Lorenzo, I'll see what I can do! :)

August 10, 2019, 2:50 PM · my sincerest condolences, indeed, one of the few things we unfortunately cannot undo... I myself played at my own mother's funeral just a week ago... I wish you all the best.
August 10, 2019, 2:53 PM · Aw Jean I'm so sorry! I took it really hard, even though we were expecting it, so I wonder if that has something to do with my current predicament?
August 10, 2019, 4:16 PM · I can't play without a shoulder rest either, I was curious if the height change would change anything
August 10, 2019, 4:35 PM · Jeffery, it was a good suggestion! I've been lazy and tuned without one, and have forgotten to swap my shoulder rest between cases (I've got a double case to house my viola and single violin case) so I've had to deal with a couple rehearsals without it. Let's just say the lack of support makes everything 10000x worse LOL! It makes me wonder if I'm just a short girl with a longer neck.
Edited: August 10, 2019, 5:53 PM · As for playing without a shoulder rest, neck length is NOT the only factor. In fact, I would say other factors like shoulder, collarbone and chest structure are an even more important factor, as well as playing style (playing restless generally requires the left arm and hand to support the violin more). To accommodate longer necks, higher chinrests, including adjustable ones, are becoming more common. I've concluded from reading a variety of posts on this topic that most violinists and violists benefit from something to stop the instrument from slipping; even a small cloth or sponge counts. Aside from experimenting with the height of the shoulder rest, you can also try putting it on at a diagonal, rather than putting it straight across the back of the violin which is common practice. I would also check the site Violinist in Balance which talks a lot about finding the ideal chin and shoulder rest; plus, it explains a lot of my ideas very clearly.
August 10, 2019, 6:08 PM · Are you clenching your hand / locking the finger joints? I wonder if practicing vibrato with the thumb off the neck would help.
August 10, 2019, 11:35 PM · Thank you Ella! That's really insightful, I'll check out that article! I think part of my issue with going without a shoulder rest is that my violin is pretty heavy (it's just a big guy in general. Thick neck, thick ribs, slightly longer body length (14.25in), but confirmed by three different and locally well-known luthiers in two cities near me that it's not a viola), so using my shoulder and arm to support the weight while trying to have good posture and technique is really difficult.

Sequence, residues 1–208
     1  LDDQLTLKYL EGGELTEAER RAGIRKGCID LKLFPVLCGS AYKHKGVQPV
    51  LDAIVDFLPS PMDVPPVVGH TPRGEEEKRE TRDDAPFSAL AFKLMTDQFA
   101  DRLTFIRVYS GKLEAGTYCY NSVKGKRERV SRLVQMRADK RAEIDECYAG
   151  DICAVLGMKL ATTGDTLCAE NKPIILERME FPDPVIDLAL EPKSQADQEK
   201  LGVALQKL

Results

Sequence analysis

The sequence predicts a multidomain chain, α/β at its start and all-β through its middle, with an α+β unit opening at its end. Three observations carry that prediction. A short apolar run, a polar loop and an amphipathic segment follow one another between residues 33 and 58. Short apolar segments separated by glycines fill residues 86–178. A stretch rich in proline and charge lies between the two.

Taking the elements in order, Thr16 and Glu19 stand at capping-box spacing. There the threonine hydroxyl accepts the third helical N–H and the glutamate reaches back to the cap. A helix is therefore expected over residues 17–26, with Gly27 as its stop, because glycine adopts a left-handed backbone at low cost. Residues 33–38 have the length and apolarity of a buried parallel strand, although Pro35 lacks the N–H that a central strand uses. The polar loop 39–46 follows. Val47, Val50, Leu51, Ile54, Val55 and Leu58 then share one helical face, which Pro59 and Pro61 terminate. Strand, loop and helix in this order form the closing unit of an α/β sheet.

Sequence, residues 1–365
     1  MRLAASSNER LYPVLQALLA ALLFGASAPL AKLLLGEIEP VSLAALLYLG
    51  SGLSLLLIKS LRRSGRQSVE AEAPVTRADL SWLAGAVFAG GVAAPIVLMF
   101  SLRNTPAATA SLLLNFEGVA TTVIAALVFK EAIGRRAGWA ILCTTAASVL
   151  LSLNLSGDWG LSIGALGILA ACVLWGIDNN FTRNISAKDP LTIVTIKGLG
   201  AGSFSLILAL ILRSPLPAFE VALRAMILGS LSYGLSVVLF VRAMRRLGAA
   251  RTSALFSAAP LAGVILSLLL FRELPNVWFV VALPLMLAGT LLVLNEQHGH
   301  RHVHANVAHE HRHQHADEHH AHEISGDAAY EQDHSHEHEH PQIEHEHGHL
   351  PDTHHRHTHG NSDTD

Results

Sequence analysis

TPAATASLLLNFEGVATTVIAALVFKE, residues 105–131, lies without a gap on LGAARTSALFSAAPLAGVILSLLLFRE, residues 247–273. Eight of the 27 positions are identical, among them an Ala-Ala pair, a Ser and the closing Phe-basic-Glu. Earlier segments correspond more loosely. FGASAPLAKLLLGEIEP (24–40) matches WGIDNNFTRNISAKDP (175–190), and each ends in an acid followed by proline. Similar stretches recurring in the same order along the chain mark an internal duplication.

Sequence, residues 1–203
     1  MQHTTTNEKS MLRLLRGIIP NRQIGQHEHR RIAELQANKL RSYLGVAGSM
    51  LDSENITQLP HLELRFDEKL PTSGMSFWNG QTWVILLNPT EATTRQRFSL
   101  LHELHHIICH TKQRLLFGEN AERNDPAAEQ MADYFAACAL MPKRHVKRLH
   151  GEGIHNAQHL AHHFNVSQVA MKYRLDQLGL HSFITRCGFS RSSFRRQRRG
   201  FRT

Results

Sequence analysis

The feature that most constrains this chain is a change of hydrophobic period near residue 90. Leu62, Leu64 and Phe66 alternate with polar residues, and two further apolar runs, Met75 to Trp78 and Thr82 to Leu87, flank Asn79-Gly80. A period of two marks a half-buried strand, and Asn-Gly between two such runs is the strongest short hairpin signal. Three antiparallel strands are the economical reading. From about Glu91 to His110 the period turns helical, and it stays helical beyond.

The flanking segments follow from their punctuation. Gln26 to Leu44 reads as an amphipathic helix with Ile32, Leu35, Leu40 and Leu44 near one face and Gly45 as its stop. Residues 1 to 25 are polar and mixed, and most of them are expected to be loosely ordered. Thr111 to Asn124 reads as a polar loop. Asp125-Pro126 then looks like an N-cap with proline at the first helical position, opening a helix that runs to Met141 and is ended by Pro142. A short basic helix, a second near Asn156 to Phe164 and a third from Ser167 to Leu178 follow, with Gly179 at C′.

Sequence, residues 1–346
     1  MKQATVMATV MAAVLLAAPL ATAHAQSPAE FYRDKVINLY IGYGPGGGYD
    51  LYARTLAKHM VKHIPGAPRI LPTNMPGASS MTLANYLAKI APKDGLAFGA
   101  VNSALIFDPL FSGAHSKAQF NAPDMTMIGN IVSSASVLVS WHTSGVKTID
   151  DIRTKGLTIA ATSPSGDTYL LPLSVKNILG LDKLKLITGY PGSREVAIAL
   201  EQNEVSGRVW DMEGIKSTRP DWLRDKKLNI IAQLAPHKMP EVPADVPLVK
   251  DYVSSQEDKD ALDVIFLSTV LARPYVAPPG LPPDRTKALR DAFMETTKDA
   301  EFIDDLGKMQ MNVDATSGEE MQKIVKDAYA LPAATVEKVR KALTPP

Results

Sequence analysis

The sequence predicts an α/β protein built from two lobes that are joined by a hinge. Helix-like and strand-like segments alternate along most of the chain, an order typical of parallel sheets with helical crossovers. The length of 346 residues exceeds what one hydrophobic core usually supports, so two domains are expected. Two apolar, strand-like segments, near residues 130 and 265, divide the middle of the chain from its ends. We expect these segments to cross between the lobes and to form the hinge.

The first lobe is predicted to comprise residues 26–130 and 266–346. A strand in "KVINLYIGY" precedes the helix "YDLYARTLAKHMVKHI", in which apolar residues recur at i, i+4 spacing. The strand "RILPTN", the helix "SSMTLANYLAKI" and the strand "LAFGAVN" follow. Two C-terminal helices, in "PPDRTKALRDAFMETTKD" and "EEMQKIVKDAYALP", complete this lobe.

Hmm Irene, I'll have to experiment; that's also pretty insightful, and not something I'd have thought to do! My friend suggested (without seeing me play) that I might not have my arm at exactly the right angle underneath the instrument, so it's possible that I could have tension in the joints in my hand.

August 11, 2019, 1:24 PM · Hey guys, here's the video! I hope I did okay! Read the description, because I made some comments. Constructive criticism is appreciated, but please be kind about it. I'm at a loss for what to do, and it's extremely frustrating because I SHOULD be able to vibrate no problem.

Also, excuse my rambling haha, I am a bit camera shy!

https://youtu.be/YSjs9BbHKMU

Edited: August 11, 2019, 2:26 PM · Here's my observations and guesses based on what I could hear and what you said (I can't see anything because of a visual impairment):

You seem to vibrate a note for a while and then the vibrato motion stops. Is continuous vibrato a problem for you?

Does the scroll of the violin point more to the left or more in front of you? Does your left arm feel tight or twisted? Is reaching the tip of the bow difficult for you, as in, can you easily reach the tip without straightening your right arm completely and locking the elbow joint? I'm just really curious because these may be signs that the violin is pointing too much to the left, which can be problematic for small people unless you have proportionally long arms.